Seven years ago, an innocent act by Rowan Slone turned her life into a nightmare. Since the age of ten she’s lived with the burden of her baby brother’s death. Now she is seventeen and all she wants to do is graduate high school, go to college, and escape the loveless family she has endured all these years—the same family that holds her responsible for his death. But no one holds her responsible more than herself.
When long-time crush Mike Anderson invites her to the Prom, suddenly her future looks brighter. Rowan’s younger sister, Trina, however, is determined to ruin her new-found happiness, no matter the cost. And when Rowan discovers her mother’s long-held secret, she finds herself teetering on the edge of an abyss. Can Rowan find the strength to move toward the future or is she doomed to dwell in the past?

Disclaimer: I won this book in a Goodreads giveaway.

Review:
I entered the Goodreads giveaway on a whim and was stoked when I found out that I had won. It was staring at me from my desk earlier so I looked at the page number and I guessed that I could finish it pretty quickly. I was right. It was a riveting, page turner that dealt with so many tough issues. Usually when a book tackles so many tough issues,the book ends up being subpar. Not this book.This book handled such tough issues as teenage pregnancy,rape,infanticide and depression, among other issues, well.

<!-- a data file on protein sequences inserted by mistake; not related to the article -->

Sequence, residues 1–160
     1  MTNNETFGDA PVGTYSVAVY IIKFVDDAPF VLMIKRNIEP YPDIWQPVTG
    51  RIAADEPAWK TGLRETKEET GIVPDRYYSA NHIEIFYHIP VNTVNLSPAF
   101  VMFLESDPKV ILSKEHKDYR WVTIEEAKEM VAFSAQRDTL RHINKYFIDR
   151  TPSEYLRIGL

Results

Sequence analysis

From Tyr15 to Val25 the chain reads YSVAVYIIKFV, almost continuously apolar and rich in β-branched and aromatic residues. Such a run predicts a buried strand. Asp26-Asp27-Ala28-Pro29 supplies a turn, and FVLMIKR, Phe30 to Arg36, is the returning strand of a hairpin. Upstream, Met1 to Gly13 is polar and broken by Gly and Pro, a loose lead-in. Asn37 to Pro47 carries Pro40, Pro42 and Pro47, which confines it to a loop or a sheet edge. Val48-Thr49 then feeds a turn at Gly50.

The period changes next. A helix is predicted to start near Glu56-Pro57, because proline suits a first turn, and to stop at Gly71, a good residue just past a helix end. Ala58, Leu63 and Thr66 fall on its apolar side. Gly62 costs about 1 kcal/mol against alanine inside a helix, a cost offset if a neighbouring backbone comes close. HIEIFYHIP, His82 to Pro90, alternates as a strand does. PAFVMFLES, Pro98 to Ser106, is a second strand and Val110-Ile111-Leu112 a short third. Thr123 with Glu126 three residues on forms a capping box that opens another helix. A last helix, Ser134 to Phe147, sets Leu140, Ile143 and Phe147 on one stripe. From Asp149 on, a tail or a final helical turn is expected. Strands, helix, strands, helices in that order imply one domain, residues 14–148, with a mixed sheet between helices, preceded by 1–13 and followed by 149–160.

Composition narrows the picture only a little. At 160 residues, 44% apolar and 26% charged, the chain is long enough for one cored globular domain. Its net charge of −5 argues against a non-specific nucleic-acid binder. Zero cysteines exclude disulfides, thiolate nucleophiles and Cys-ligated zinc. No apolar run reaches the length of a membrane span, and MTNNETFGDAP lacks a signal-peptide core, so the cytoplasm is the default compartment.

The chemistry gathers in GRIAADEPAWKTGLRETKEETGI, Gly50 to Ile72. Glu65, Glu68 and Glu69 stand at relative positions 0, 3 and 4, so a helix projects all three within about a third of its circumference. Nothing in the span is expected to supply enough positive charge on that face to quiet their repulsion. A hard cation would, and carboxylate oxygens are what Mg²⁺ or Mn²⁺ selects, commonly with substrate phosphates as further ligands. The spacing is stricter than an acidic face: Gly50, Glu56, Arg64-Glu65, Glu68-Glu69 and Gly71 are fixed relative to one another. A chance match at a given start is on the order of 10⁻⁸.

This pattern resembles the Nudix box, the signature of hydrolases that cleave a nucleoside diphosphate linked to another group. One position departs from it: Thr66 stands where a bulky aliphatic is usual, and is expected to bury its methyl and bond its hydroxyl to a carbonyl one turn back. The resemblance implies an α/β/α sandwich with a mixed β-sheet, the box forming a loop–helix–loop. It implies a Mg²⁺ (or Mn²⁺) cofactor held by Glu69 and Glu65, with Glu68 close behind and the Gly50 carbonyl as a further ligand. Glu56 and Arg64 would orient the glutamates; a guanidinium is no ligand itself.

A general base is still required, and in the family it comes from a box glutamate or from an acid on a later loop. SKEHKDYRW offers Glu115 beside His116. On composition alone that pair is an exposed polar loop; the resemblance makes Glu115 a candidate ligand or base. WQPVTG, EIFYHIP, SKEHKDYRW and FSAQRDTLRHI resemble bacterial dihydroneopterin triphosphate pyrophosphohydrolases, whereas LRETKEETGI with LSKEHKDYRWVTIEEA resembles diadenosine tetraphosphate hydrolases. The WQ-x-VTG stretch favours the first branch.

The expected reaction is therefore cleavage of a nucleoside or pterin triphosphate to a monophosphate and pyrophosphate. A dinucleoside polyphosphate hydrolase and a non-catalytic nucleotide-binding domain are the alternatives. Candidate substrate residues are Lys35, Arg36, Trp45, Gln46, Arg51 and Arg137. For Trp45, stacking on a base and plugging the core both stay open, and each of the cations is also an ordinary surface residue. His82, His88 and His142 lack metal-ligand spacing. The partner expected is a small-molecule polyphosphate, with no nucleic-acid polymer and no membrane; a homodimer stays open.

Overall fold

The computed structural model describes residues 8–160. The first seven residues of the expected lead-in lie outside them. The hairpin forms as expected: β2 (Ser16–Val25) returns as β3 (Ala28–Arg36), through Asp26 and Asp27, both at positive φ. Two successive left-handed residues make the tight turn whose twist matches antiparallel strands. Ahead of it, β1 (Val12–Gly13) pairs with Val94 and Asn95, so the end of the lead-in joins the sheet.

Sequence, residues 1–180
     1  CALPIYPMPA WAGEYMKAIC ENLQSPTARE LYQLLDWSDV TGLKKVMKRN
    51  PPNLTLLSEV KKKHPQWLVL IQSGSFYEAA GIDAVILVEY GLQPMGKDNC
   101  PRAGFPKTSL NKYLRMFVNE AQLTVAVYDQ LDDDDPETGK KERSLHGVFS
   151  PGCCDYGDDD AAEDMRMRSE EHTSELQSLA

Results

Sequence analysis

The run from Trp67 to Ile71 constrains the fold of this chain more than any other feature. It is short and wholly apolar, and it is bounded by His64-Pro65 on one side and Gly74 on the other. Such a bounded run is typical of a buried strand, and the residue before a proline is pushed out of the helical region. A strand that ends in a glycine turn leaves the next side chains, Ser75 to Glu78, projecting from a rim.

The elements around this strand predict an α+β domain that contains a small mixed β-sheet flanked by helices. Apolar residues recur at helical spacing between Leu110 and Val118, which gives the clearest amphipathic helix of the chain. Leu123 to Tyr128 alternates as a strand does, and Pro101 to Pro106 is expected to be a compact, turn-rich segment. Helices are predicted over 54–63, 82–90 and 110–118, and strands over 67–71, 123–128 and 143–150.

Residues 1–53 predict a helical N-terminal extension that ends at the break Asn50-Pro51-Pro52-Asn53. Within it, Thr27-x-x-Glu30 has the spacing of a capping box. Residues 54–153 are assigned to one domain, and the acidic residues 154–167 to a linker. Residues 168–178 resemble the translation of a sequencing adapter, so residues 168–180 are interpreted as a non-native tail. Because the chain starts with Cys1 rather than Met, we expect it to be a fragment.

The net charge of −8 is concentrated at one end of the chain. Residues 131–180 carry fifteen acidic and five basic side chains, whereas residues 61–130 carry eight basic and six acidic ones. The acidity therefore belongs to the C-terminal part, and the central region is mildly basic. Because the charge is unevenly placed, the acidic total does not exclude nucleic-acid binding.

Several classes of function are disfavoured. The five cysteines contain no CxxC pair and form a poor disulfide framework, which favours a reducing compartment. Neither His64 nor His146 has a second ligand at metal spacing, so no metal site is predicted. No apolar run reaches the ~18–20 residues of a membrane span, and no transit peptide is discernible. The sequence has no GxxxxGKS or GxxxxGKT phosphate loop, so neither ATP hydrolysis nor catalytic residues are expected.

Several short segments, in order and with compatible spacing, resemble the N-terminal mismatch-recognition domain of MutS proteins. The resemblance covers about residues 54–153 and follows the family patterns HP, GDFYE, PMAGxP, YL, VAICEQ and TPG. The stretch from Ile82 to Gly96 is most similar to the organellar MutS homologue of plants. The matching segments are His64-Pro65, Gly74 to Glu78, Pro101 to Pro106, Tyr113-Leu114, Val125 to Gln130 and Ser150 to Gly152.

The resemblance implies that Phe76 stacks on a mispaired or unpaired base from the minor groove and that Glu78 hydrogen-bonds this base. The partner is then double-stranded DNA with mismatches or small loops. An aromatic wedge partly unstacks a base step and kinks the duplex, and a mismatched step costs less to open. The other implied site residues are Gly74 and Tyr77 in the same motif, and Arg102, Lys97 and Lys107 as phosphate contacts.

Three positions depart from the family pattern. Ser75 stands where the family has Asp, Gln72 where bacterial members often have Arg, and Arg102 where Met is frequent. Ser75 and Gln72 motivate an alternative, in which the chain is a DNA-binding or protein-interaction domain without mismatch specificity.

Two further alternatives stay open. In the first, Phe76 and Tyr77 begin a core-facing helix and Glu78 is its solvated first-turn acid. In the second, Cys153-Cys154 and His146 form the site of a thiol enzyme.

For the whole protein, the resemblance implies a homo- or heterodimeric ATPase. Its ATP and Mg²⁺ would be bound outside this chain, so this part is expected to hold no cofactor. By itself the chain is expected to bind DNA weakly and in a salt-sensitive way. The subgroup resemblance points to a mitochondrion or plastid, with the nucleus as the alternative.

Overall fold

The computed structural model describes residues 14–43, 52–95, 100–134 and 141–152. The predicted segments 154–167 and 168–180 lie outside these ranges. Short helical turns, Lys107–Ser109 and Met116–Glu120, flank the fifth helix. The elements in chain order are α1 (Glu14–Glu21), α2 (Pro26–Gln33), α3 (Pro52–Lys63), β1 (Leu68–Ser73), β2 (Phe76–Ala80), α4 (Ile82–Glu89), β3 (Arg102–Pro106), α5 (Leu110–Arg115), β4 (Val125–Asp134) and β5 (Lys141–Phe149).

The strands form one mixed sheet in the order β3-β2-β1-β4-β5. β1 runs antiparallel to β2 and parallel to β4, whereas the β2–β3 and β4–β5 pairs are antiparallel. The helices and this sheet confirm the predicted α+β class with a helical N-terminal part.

Rowan has been living with guilt for ten years. The book says that she is the one that punishes herself the hardest but I disagree. It was her father who punished her the hardest.She,along with her sister Trina and her mother are subjected to her father’s abuse constantly. It is no secret that things would be different if her baby brother had lived. 
Not only does her father abuse Rowan and Trina,he also emotionally abuses their mother. I got frustrated with their mother. She was so far deep in her depression that whenever her daughters were abused,she only put up a half-hearted effort to protect them.Not only that but Rowan’s mother carries with her a secret that will turn everything on its head. I cannot say that the twist was entirely unexpected but I was a bit shocked. 
Mike Anderson and Jess were good characters too. I wish we had seen just a pinch more of Jess but I did like her from what I did see. Mike had everything that Rowan didn’t have and I think that’s part of what drew Rowan to him in the first place.
This book is getting 4 stars from me. I really enjoyed it but it felt like some parts were just a teeny bit rushed.I think making the book longer would definitely have fixed the issue of certain rushed parts. If you are up for a quick page turner,give this one a try. I both cried and laughed during this book and to me,that’s the mark of an amazing book.